Best Pet Boarding: Finding the right boarding for your pet
The holiday season is fast approaching and you may be planning a trip away without your furry friend.
If you haven’t yet found somewhere to board your cat or dog, this article can help you to find the right facility.
Below we have listed a few important things to look for, tips and questions to ask when looking for suitable boarding for your cat or dog.
Go and visit the facility for an inspection & meet the staff
It is very important to visit the dog kennel/cattery and check it out for yourself. Make sure the facilities are clean and spacious. If the pet boarding facility won’t allow you to inspect their premises, that should be a signal to take them off your list.
Only go with a company where you feel comfortable with the level of hygiene and care that your pet will receive. Trust your gut – if you have a bad feeling about a facility, don’t go with them.
Medical emergencies & medical treatment
Probably the most important questions to ask when visiting a cat or dog boarding facility are about the management of medical emergencies.
- Ask what the protocols and procedures are that the facility has in place to manage medical emergencies.
- Most boarding companies have a relationship with a vet that is in close proximity to the facility. Some facilities may even have a vet on site. Ask if they have a vet that is available 24/7.
- Ask if there are staff at the facility that are trained in and can administer pet first aid.
- Find out how costs will be managed for medical treatment.
- Finally, if your dog is on medication or needs treatment during its stay at the boarding facility, ask them if they are able to provide the medical care that is needed.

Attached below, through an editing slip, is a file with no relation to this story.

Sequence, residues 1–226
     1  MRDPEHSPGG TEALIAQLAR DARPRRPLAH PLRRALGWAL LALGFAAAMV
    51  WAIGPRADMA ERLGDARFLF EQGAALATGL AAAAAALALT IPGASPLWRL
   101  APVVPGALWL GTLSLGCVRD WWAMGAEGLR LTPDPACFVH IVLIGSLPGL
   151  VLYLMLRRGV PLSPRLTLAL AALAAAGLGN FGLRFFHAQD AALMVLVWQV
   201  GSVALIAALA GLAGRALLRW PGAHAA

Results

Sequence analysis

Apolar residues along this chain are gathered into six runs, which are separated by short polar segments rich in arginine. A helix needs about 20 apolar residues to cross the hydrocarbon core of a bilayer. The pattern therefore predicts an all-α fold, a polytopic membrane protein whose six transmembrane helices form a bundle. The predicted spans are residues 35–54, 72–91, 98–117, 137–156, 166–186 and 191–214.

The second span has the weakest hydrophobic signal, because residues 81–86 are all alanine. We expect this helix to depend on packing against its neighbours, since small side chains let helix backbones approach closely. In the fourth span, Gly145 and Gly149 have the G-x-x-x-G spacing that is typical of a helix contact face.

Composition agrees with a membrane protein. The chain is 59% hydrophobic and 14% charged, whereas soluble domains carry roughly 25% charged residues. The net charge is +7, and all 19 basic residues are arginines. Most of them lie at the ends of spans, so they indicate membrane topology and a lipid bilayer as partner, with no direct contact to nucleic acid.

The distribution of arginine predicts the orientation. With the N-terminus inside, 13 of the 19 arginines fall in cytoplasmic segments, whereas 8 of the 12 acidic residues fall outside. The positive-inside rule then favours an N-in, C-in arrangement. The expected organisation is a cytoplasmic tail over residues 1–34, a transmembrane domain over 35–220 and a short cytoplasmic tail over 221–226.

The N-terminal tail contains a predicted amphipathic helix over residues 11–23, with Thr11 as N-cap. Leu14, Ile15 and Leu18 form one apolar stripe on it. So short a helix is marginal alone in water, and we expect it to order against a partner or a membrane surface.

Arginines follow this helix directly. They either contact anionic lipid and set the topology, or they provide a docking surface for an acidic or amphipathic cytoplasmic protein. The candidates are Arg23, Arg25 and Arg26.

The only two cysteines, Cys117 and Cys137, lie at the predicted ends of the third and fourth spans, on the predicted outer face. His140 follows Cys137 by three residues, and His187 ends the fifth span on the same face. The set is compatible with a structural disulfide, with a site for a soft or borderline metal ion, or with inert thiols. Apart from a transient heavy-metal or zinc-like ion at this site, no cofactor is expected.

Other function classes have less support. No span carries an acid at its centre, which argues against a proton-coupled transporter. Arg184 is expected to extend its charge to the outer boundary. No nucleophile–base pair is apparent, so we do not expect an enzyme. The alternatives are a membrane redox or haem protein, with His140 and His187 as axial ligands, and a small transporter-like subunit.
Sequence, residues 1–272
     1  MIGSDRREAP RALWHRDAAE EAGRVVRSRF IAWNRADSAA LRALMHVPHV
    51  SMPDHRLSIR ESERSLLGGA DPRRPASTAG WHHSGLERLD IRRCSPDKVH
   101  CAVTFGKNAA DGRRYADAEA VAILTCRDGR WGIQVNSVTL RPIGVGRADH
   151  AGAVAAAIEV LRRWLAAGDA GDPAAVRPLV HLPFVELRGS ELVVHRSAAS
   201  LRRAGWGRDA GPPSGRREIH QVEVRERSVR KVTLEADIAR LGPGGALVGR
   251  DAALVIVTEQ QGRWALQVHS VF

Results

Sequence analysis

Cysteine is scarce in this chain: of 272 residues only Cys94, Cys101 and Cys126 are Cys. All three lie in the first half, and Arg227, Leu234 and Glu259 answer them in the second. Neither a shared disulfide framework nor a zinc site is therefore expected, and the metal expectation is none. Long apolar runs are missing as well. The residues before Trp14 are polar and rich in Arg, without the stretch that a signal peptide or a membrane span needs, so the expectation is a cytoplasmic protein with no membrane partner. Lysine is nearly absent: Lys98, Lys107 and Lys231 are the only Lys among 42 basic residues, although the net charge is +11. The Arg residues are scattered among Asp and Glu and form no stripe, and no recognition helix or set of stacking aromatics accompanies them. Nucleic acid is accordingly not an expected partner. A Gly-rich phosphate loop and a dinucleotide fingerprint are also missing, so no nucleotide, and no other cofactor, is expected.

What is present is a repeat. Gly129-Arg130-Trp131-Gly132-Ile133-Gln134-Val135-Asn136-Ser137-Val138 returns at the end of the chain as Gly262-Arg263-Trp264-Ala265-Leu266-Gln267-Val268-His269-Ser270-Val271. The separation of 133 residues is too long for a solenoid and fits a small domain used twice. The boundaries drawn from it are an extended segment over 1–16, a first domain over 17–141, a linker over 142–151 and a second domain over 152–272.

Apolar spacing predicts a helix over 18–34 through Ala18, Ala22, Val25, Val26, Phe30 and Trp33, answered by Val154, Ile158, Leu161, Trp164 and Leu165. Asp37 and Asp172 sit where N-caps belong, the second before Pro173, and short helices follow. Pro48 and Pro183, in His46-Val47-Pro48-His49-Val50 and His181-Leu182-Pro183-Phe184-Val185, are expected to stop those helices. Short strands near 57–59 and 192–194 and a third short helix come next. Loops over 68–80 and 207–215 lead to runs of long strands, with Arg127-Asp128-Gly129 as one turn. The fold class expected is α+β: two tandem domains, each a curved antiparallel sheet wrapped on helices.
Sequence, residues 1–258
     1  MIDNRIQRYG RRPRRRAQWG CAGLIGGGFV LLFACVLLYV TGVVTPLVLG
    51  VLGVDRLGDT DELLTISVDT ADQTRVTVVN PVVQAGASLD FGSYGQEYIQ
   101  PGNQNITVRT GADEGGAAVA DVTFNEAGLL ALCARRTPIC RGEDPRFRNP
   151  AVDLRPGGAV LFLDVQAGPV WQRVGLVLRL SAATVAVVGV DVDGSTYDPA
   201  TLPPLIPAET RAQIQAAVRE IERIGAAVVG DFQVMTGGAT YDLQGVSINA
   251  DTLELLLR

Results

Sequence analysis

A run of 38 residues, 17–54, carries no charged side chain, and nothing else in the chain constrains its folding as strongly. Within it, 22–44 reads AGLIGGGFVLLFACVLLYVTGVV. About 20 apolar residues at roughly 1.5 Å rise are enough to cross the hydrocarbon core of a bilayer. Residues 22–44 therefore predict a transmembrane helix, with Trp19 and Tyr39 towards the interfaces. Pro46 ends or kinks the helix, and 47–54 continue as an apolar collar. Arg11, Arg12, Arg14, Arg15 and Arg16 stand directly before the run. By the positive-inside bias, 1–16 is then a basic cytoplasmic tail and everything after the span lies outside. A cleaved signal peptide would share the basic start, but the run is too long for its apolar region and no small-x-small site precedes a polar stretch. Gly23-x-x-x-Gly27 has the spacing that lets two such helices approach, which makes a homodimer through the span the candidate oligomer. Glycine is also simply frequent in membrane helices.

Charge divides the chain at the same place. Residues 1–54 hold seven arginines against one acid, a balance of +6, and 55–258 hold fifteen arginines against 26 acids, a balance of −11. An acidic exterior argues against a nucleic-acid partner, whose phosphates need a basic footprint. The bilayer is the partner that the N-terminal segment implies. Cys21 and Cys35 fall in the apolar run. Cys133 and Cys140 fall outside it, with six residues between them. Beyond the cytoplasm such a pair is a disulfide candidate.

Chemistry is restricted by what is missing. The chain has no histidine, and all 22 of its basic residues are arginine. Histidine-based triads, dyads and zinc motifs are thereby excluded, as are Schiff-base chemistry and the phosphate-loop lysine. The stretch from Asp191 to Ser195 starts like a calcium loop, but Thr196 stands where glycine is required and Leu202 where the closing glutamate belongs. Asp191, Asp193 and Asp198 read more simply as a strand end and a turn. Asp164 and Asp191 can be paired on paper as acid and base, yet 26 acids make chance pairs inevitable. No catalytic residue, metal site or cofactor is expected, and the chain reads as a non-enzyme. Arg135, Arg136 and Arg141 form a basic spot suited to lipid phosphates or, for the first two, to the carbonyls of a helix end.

Dog Kennel/Cattery Staff
- Enquire as to what level of training their staff have received. You want to make sure your pet is in good hands with staff who are trained to manage and care for dogs/cats in a cat or dog boarding facility.
- Find out how many dogs/cats are boarded in the facility at one time and how many staff will be on duty at any time. As a rule there should be at least 1 staff member for every 10 dogs.
- Ask if there is someone at the facility 24 hours a day. In case of an emergency outside of business hours, you want to make sure the facility is staffed so immediate action can be taken.
Inspecting enclosures/cages/kennel runs
When you inspect the enclosure or runs of the pet boarding facility, you want to make sure they are safe and clean and the following questions will be answered:
- What time of the day and how often do the enclosures get cleaned? Will they also be disinfected?
- During your inspection of the facilities, are there any unpleasant or abnormal aromas present?
- What bedding is provided and is it clean and dry? Ask if you can bring your pet’s own bedding and toys – that will often help your pet to settle in to the new environment.
- Are the enclosures sheltered from bad weather including rain and extreme temperatures, or perhaps even climate controlled?
- Is the enclosure safe, meaning that there are no dangerous objects and nowhere your pet could hurt itself, and is it secure so your pet can’t escape?
- Does the enclosure have enough space to allow your pet to turn around, move, stretch, and fully rest? Keep in mind dogs need more space than cats.
- Your pet should be boarded in an enclosure by itself and not be left alone with unfamiliar dogs/ cats in the same kennel. They should only be boarded together in the same enclosure if they live in the same household and are used to spending time together in small confined areas.
- For cats – is there enough space between litter box and food bowls? Are cats housed away from the dogs?
- How will the facility identify your pet? There have been many cases where pets have been misidentified and mistaken for others.
- Lastly, and importantly, you want to ensure that your pet receives the right care and gets what you have paid for.
Your pet’s diet & food hygiene